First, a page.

After nearly 20 years on California license plates, Wyland's humpback "whale tail" has been replaced by a new design as of July 1, three years after Wyland and the California Coastal Commission had a public falling out over the agency's license plate program.
The special plate, which costs $50 more than regular license plates, plus an extra annual fee to the DMV, has reportedly raised more than $40 million for conservation and environmental programs in the state — outselling all other specialty license plates, according to commission officials.
Wyland, the internationally known marine life artist who started out at the Sawdust Art Festival and still has a studio here in Laguna Beach, donated the design to the agency in 1996 but became disenchanted when the commission refused to share any of the proceeds with his Wyland Foundation. (Actually, the foundation did get a donation of $20,000 in 2005; that's not chump change, but to Wyland it was a paltry offering.)
The "whale tail" began to unravel in June 2008, when Wyland gathered the press together in his South Coast Highway studio. He accused the commission of "bullying" him and demanded 20% of the plate's proceeds be donated to his charity arm.
Through his attorney, Wyland issued a 30-day notice demanding the commission cease and desist using the image unless they came to an agreement over sharing the profits.
A miffed Commission Executive Director Peter Douglas said at the time that the whale tail image was being used under the rubric of an "oral agreement," and that no formal licensing or any word on paper had been set down giving the state the right to use the design. That's pretty slack for a state agency.
Douglas also acknowledged that the agency had rejected many requests for funding from the Wyland Foundation, explaining that he considered such requests to be a conflict of interest for the artist, who, after all, had his design — and signature — plastered on vehicles all over the state, as per the oral agreement.
"The Wyland Foundation is indistinguishable from Wyland himself," Douglas told me.
Remember, this was 2008, and business-savvy Wyland no doubt could see that the art business in general was going south with the sinking economy; he has since closed two of his three galleries in Laguna Beach. Even Wyland, who spends most of his time in Hawaii and owns a nice beachfront lot in Laguna, was starting to feel the pinch.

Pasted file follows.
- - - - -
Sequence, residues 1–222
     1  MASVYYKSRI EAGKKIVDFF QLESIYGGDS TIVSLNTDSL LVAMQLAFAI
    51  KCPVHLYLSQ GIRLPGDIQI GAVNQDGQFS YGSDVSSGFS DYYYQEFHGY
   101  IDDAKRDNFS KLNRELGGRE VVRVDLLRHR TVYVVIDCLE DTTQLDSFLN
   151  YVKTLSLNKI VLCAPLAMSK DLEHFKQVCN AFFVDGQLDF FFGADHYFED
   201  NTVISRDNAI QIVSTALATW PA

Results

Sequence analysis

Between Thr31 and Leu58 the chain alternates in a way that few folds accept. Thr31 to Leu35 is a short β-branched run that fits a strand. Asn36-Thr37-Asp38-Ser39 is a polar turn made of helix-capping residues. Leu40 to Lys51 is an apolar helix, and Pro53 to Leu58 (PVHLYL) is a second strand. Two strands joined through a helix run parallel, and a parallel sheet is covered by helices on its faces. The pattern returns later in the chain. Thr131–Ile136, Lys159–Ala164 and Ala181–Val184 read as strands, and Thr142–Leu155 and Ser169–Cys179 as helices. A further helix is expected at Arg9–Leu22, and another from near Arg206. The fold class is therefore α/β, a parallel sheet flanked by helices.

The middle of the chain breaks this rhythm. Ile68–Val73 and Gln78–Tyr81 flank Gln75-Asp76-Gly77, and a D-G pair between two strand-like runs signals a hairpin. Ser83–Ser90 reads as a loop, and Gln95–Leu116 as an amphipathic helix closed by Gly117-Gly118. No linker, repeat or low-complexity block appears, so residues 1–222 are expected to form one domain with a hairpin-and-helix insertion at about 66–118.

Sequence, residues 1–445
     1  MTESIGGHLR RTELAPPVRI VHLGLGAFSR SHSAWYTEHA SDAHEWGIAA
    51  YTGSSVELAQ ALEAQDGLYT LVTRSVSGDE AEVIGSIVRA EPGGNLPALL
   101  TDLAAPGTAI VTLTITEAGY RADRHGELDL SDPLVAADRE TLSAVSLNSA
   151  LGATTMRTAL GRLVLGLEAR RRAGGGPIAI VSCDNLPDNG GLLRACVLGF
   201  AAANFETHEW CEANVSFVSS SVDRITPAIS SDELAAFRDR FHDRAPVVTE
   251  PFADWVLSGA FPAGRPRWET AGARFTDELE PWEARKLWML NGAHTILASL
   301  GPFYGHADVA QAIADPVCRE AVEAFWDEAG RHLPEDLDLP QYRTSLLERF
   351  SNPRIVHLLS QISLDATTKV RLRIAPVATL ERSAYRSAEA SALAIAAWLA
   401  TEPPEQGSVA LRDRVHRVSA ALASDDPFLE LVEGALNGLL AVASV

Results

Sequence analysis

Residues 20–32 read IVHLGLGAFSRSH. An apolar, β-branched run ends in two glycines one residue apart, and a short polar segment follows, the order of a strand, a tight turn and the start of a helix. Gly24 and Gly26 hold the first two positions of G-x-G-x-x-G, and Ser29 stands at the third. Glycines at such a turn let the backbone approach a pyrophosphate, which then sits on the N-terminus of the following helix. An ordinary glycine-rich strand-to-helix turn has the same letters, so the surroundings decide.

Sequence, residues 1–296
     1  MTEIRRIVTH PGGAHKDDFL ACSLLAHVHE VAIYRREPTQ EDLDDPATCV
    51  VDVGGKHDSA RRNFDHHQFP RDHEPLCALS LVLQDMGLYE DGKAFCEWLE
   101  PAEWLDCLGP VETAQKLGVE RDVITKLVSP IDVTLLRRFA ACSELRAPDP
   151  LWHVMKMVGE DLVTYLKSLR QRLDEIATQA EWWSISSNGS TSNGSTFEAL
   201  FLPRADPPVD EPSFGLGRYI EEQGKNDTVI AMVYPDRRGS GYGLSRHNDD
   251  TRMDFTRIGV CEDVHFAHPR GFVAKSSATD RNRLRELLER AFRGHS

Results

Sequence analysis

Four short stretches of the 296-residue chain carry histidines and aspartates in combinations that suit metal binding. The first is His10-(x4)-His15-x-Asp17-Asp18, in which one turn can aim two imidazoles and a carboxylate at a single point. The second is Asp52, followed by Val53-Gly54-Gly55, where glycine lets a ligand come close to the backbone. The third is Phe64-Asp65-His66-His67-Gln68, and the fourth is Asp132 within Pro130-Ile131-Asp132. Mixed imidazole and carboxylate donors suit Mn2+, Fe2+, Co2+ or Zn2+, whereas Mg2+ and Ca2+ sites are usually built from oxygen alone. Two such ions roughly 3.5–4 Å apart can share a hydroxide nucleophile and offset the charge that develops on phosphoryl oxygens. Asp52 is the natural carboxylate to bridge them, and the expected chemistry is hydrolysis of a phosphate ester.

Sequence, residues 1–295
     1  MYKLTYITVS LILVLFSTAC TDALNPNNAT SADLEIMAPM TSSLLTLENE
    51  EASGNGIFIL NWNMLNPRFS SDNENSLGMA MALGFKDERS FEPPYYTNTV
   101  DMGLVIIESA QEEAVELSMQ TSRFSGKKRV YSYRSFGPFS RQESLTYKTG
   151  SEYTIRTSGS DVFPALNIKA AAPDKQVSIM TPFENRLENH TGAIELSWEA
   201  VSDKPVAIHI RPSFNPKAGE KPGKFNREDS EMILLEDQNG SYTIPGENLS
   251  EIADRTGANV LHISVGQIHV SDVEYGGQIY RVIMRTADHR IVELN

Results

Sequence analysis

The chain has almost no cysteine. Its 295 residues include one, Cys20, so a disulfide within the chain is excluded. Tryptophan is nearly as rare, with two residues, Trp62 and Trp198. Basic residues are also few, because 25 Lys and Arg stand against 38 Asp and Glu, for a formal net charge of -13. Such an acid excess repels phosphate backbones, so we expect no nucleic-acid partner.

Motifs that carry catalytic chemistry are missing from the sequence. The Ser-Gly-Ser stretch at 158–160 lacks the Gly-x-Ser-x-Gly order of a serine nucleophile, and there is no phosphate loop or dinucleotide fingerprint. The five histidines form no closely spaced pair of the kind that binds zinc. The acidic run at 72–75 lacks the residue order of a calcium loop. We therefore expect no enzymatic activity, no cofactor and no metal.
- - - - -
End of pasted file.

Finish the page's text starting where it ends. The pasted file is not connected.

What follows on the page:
According to an email from Wyland spokesman Steve Creech: "Wyland granted the Coastal Commission the opportunity to use the art to help save California's coasts and oceans. He never intended to give away the rights to the image in perpetuity — but to allow its use for a good cause.
"Over the last 20 years, Wyland has put in place national and community-based outreach programs about marine conservation — these were exactly the type of programs that the whale tail plate funded.
"Since Wyland created the whale tail plate, it seemed like a natural request to see if some of the whale tail plate funds could underwrite some of these programs, especially at a time when the nation's economy was falling apart and all nonprofits, including ours, were exploring all avenues to keep their programs alive."
But don't cry for Wyland: According to his websites, he is opening restaurants and galleries all over the country, and branching out to offer Wyland cruises and excursions, not to mention music. You've got to give this energetic creative credit for entrepreneurship.
In the end, Wyland's fit of pique resulted in the Coastal Commission launching a search for a new "whale tail" image through a competitive process, and, like any bureaucratic project, it's been years in the making.
The new image is a far cry from the tail that Wyland produced, which evoked a humpback moving languidly through the sea mist.
To me, the new whale tail looks more like a salmon or trout tail. But it does resemble a Wyland-designed whale tail on a similar Florida license plate program. Evidently there just isn't that much diversity in the business of whale-tail designing.
It took two artists to come up with the new whale tail license plate, and they will be paid $1,000 each for their services, according to a commission spokesman. And you can bet that this time the state got it all down in writing.
Interestingly, the Wyland Foundation website is still promoting the whale tail and has itself listed as one of the recipients of funds generated by the whale tail plate. But apparently there are still bitter feelings about the whole whale affair.
"We would say that the new design seems like a poor imitation of a Wyland artwork," Creech said in his email. "That being said, however, we've got more important issues to worry about and would like to put this behind us. We had hoped that Wyland might have been publicly recognized by Peter Douglas and the Coastal Commission for his service to the state of California for nearly 20 years, but there doesn't seem to be any intention from them to do that."
Maybe Wyland is hoping Douglas will send him a greeting for his 55th birthday and a donation for the Wyland Foundation's birthday wish fundraising drive. We'll get back to you on that.
But if you, like me, prefer the original whale tail, you're out of luck. The Wyland license plate design "is no longer available," according to the commission.
CINDY FRAZIER is city editor of the Coastline Pilot. She can be contacted at (949) 302-1469 or firstname.lastname@example.org.